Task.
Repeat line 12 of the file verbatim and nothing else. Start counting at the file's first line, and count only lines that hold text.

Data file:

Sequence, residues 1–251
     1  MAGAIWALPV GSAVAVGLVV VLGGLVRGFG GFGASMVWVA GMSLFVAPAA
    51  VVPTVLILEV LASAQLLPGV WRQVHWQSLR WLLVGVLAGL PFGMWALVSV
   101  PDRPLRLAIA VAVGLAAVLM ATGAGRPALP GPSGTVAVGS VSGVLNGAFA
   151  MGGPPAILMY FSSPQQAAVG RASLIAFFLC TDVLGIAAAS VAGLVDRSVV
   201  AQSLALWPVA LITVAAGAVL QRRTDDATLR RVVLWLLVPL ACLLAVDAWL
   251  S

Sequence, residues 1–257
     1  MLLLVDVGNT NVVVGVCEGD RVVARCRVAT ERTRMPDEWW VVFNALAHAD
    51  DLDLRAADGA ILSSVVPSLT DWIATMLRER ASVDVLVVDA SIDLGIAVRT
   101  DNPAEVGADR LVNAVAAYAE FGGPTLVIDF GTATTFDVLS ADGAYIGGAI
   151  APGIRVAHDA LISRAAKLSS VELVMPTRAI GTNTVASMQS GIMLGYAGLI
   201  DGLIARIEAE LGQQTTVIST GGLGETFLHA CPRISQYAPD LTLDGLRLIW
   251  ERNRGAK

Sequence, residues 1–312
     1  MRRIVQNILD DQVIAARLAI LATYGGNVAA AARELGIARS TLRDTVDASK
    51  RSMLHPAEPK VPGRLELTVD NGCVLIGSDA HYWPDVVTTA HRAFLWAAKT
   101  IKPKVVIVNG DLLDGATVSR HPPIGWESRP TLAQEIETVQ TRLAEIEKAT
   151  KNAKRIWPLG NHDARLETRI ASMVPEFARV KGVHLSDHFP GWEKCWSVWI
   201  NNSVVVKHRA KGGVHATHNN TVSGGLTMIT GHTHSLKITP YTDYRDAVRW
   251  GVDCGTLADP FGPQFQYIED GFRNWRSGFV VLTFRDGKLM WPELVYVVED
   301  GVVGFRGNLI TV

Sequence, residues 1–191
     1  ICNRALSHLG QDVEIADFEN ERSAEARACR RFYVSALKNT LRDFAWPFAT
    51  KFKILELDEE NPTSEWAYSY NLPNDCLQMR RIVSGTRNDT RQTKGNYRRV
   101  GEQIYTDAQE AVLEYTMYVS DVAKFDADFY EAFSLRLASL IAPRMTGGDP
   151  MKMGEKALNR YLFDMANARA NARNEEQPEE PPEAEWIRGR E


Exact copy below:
   151  APGIRVAHDA LISRAAKLSS VELVMPTRAI GTNTVASMQS GIMLGYAGLI